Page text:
See gorgeous pictures of Vietnam—from above and below

Honouring his adopted home, a photographer travels to Vietnam to show its landscape and people in a new light.

You can now travel with National Geographic. Get closer than you’ve ever imagined & start exploring a new way to travel here.

When he moved to Vietnam in 2007, photographer Justin Mott didn’t really know the language—he’d fallen in love with the region on reporting trips, and decided he was just going to make it work. He was living in Hanoi, wandering the “raw, visual” city, camera in hand. A group of new Vietnamese friends would show up at his home, working through the language barrier to take him along on spur-of-the-moment photography trips.

A small boat lies anchored just off the coast of a small fishing village in Phu Quoc, an island in the southwest.

“I missed the sharing part of photography,” Mott says of his time in the competitive American photojournalism world, “and in Vietnam it was about sharing.”

A Rhode Island native who studied journalism and photography in San Francisco, Mott felt instantly welcome in Vietnam. Sixty-year-old Nguyen Kim Thuy, a public-school English teacher with whom Mott worked for years on a story about the generational trauma of Agent Orange, helped him acclimate to life in a new city.

“I’m like the American son she never wanted,” Mott jokes.

A scenic road winds through the green landscape.

A Hmong farmer and his daughter journey home after a day of collecting grass to feed their livestock. Mott sees the project as an opportunity to travel to new places—and to revisit beloved destinations.

Mrs Thuy, as her students call her, introduced Mott to translator Quynh Anh, called Q, who began working with Mott’s production company. She and Mott married legally in 2017, followed by ceremonies in Vietnam and Rhode Island.

Travelling around Southeast Asia and the Pacific for commercial and documentary projects squeezed Mott’s time for more experimental, creative work. Looking for a meaningful personal project, he thought of honouring his adopted home with a project “that could be used [to showcase] Vietnam in a positive way.”

Workers spread peppercorns on top of tarpaulins to dry in the strong afternoon sun at a pepper plantation. With this project, Mott had "the chance to say, 'That's a beautiful shot, but I need something else, so I'm going to wait for it.'"

“I have this gratitude to [Vietnam],” he says. “People have let me into their homes, let me tell their stories.”

Where his earlier work was done solo, this new project—“As Above So Below”—is very much a team effort. A drone pilot, Nguyen Hai Nam, makes aerial images under Mott’s direction; Q, who co-runs their photography company, has also had a hand in the project's development. Though he’s protective of copyright, Mott intends to set up an online gallery to share the photos for free use in promoting Vietnam tourism.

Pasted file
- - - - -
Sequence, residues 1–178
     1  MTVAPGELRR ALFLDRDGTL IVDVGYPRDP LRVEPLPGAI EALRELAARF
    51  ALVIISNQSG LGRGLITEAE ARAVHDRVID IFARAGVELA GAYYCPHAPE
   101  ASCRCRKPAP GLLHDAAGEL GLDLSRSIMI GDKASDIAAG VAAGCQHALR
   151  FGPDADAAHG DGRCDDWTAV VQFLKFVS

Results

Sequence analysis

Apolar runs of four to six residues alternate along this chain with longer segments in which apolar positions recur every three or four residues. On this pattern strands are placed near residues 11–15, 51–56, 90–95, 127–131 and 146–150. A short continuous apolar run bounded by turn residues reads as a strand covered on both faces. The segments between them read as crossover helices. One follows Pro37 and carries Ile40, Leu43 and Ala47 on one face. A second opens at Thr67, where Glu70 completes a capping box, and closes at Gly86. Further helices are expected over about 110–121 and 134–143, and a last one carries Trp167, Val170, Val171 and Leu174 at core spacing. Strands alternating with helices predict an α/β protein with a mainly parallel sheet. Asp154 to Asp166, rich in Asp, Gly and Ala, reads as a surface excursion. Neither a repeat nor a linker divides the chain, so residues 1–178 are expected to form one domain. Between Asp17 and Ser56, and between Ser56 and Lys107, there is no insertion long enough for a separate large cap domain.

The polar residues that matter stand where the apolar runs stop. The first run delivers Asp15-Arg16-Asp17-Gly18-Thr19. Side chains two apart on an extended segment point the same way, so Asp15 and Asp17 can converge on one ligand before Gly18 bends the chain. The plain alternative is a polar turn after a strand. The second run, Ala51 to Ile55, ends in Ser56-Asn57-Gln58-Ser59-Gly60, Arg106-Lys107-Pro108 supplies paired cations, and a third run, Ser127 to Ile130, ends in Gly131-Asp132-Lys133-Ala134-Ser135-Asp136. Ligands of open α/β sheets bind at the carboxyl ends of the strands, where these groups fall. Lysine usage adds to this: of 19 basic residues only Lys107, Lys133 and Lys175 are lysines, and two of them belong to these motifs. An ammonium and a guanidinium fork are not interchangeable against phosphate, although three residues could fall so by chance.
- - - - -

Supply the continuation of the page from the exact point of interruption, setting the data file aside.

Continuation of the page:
“It’s sort of full circle,” he says. “I came here as an American … now, ten years later, my wife is Vietnamese, my friends are Vietnamese. We’re doing this project together in this kind of American-Vietnamese bond that I think is neat for people to see.”

A Hmong woman finds her way through a corn field's tall stalks. In his desire to look at travel photography from a new angle, Mott began thinking about more creative and abstract ways to connect the two parts of these diptychs, such as pairing the texture of water or land to the texture of people's faces.

Travel tips & tricks

Travel to Vietnam tends to be “very regimented,” Mott says. “Backpackers follow this path, stay on this line; tours go here, then there, then you’re done. You can do more than that in Vietnam.”

For experienced riders, Mott recommends renting a motorcycle to wander on a self-directed adventure outside the city to experience the countryside, which promises beautiful views throughout the nation’s northern, southern, and central regions.

A Buddhist monk meditates at sunrise on the seashore.

Hiring a translator or local guide is another good strategy: “That’s what a journalist would do, and maybe a tourist wouldn’t think to do it, but it’s not that expensive and you see things way differently.”

And when it comes to Vietnam’s world-renowned cuisine, don’t be intimidated, Mott says, even when the menus are only in Vietnamese (as they are at the best spots). Instead, take a food tour or two to learn what you like, how to piece meals together, how much to order, and how much to pay—then strike out on your own.

Related Articles

Discuss this article


Never miss a Nat Geo moment

Your email address
We use our own and third-party cookies to improve our services, personalise your advertising and remember your preferences. If you continue browsing, or click on the accept button on this banner, we understand that you accept the use of cookies on our website. For more information visit our Cookies Policy AcceptClose cookie policy overlay